Was it grief or was it glee?

At Diana's death, many discovered the secret thrill of breaking bad news
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The Independent Culture
I FIRST heard of the Princess of Wales's death in a way that was likely to have been repeated up and down the country. On the Sunday morning in question, while I was running a bath, an acquaintance rang me up. His voice sounded bizarrely guttural.

"Well," he said, without any of the expected early-morning pleasantries and preliminaries. "And what do you think of the news?"

"News? What news?"

"You mean you haven't heard?" he exclaimed with feigned incredulity. (Feigned because, given my "What news?", he couldn't have been in any doubt that I hadn't heard.)

It all came out in a firework display of exclamation marks: "Diana's dead! Dodi's dead! They were being chased by paparazzi! Their limo crashed in a tunnel in Paris! The paparazzi have been arrested! Switch on TV! It's on every channel!"

Like everyone else, I was caught off guard. What was so shocking wasn't only the fact of Diana's death, but how completely out of the blue it had come. Even that early on, though, I was aware of a jarring note. My acquaintance was genuinely distraught - as I was later to discover, he spent the rest of that same Sunday in front of his television set. Nevertheless, during his initial phone call, I could detect in his voice what I can only call a terrible elation - the elation of someone who knows himself to be the bearer, not just of bad news, but of thrillingly bad news. He was horrified, but he was also audibly exhilarated. And, no matter that he himself would indignantly deny such an allegation, I'm certain he would have been obscurely frustrated, even downright disappointed, had I replied to his opening question by saying, "Yes, it's dreadful, isn't it?"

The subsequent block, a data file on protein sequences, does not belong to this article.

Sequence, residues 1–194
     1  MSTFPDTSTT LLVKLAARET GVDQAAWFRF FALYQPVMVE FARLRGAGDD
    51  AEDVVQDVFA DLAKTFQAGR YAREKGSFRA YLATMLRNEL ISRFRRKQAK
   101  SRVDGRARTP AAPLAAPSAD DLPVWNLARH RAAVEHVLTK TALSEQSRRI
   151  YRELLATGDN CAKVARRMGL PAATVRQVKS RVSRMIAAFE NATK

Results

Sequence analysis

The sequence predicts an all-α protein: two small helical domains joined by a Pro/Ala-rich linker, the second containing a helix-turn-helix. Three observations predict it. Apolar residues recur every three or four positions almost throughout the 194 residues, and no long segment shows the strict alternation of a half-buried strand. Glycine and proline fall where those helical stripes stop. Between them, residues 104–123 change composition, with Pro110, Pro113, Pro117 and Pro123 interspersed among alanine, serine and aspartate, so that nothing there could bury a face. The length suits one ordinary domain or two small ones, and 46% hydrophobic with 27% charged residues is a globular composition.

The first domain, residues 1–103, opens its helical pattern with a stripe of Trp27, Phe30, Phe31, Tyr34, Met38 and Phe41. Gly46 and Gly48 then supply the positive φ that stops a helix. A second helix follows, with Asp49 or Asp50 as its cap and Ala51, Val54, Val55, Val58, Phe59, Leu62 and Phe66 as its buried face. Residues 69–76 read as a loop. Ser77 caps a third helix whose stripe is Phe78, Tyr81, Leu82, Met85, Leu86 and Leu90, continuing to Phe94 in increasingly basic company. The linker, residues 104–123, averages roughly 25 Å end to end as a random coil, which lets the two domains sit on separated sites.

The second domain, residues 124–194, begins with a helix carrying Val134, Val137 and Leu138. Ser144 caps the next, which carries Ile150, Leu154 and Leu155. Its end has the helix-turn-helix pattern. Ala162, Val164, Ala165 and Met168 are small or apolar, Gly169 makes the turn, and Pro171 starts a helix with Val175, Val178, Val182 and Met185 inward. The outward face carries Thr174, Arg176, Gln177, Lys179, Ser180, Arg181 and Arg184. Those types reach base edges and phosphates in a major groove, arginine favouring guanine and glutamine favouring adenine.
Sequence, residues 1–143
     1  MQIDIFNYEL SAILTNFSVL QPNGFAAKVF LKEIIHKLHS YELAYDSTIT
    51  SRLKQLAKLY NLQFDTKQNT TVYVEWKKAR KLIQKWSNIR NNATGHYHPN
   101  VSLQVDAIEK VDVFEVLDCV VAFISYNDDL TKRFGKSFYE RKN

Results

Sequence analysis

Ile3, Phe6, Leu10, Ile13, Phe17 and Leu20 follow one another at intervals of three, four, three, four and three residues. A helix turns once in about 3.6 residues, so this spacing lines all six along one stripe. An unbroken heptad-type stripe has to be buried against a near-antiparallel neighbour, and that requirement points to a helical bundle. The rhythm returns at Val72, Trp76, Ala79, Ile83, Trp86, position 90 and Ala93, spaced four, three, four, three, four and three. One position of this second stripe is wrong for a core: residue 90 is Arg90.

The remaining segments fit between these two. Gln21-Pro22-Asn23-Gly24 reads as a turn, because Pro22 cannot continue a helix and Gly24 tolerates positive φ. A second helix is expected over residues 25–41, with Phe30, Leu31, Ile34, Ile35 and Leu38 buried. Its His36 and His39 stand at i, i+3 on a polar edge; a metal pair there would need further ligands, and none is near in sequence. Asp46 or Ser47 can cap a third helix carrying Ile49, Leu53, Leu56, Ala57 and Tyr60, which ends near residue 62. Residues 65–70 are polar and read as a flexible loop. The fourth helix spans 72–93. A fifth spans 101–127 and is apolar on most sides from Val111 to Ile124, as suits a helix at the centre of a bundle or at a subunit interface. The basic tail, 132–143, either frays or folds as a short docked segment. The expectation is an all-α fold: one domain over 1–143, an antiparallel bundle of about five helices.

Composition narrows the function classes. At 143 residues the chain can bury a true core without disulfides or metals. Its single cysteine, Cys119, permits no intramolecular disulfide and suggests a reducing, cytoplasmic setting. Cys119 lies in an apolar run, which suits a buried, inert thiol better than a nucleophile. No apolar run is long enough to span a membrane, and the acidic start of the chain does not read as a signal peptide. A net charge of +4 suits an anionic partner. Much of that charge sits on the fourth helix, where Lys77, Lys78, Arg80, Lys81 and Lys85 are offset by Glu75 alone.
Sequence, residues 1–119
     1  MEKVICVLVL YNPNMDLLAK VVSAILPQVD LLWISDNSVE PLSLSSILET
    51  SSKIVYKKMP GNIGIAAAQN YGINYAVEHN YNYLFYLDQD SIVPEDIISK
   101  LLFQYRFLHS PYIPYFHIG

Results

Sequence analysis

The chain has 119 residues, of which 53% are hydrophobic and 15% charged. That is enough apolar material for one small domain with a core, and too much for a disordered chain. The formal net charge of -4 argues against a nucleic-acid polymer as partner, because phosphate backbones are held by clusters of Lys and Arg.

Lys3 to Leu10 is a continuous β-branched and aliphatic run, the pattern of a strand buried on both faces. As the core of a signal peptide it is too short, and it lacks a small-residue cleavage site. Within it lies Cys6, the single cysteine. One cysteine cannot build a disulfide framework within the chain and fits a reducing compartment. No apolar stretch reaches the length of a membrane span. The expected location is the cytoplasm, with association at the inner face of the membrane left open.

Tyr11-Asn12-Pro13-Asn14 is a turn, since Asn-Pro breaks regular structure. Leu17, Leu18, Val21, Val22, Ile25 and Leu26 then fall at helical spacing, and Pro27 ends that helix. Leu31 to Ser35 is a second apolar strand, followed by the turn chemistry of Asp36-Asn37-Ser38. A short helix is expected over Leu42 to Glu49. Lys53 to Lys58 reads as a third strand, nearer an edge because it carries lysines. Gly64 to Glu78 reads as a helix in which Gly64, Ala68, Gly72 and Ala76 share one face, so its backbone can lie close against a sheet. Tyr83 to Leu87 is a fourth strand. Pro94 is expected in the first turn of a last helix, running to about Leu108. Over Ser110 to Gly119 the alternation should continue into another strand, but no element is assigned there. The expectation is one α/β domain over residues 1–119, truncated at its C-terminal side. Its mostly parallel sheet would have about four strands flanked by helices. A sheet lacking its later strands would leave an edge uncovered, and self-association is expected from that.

Everyone knows what I mean - the excitement we feel when communicating, to someone who hasn't yet been apprised of it, devastatingly bad news about mutual friends, colleagues and, of course, household-name celebrities. It's a species of excitement that has nothing to do with Schadenfreude, the gloatingly perverse satisfaction that we (or some of us) take in the reversals suffered by our friends. It can perfectly well co-exist with authentic grief. But if anything can be safely filed away under the roomy rubric of "human nature", it's surely that half-suppressed tingle that we experience when imparting red-hot information about an acquaintance's sacking, divorce, accident, arrest, suicide or terminal cancer.

To my knowledge, there isn't, but there should be, a word for it. Especially now, when it has definitively gravitated on to the world stage. For take the case, precisely, of Diana.

Whatever else there was to say about it, the international reaction to the circumstances of her death was a vindication of Marshall McLuhan's theory of the modern world as a global village, one in which, by virtue of the ubiquitous electronic media, anything that happens somewhere will happen everywhere else as well at the same time. And just as a real village would be abuzz for days with the sudden, violent death of its most glamorous and stylish inhabitant, so the entire country was engulfed by the frenzy surrounding Diana's. Just as would be true, too, of a small village, the advent of her death had the result that, for a few brief, but equally endless-seeming days, we found ourselves living together for once, as a real human collective, with an eerily intensified sense that each and every one of us was part of the national scheme of things.